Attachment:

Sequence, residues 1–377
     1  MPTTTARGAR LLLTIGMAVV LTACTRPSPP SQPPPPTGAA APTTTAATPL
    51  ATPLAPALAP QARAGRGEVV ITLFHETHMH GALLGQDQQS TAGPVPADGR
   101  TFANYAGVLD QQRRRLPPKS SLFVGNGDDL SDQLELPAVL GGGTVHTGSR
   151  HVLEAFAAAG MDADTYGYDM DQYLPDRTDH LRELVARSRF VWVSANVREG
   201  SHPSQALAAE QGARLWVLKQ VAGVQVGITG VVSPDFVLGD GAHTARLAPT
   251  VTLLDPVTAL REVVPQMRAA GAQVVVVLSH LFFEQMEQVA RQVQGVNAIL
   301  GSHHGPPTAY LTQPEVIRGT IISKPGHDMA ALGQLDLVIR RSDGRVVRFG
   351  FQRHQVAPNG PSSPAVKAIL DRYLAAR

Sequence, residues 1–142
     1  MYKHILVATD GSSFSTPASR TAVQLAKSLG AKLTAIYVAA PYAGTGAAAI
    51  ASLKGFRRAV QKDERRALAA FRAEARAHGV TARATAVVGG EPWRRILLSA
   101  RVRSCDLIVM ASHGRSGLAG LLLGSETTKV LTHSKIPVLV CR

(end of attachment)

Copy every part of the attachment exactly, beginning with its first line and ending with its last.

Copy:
Sequence, residues 1–377
     1  MPTTTARGAR LLLTIGMAVV LTACTRPSPP SQPPPPTGAA APTTTAATPL
    51  ATPLAPALAP QARAGRGEVV ITLFHETHMH GALLGQDQQS TAGPVPADGR
   101  TFANYAGVLD QQRRRLPPKS SLFVGNGDDL SDQLELPAVL GGGTVHTGSR
   151  HVLEAFAAAG MDADTYGYDM DQYLPDRTDH LRELVARSRF VWVSANVREG
   201  SHPSQALAAE QGARLWVLKQ VAGVQVGITG VVSPDFVLGD GAHTARLAPT
   251  VTLLDPVTAL REVVPQMRAA GAQVVVVLSH LFFEQMEQVA RQVQGVNAIL
   301  GSHHGPPTAY LTQPEVIRGT IISKPGHDMA ALGQLDLVIR RSDGRVVRFG
   351  FQRHQVAPNG PSSPAVKAIL DRYLAAR

Sequence, residues 1–142
     1  MYKHILVATD GSSFSTPASR TAVQLAKSLG AKLTAIYVAA PYAGTGAAAI
    51  ASLKGFRRAV QKDERRALAA FRAEARAHGV TARATAVVGG EPWRRILLSA
   101  RVRSCDLIVM ASHGRSGLAG LLLGSETTKV LTHSKIPVLV CR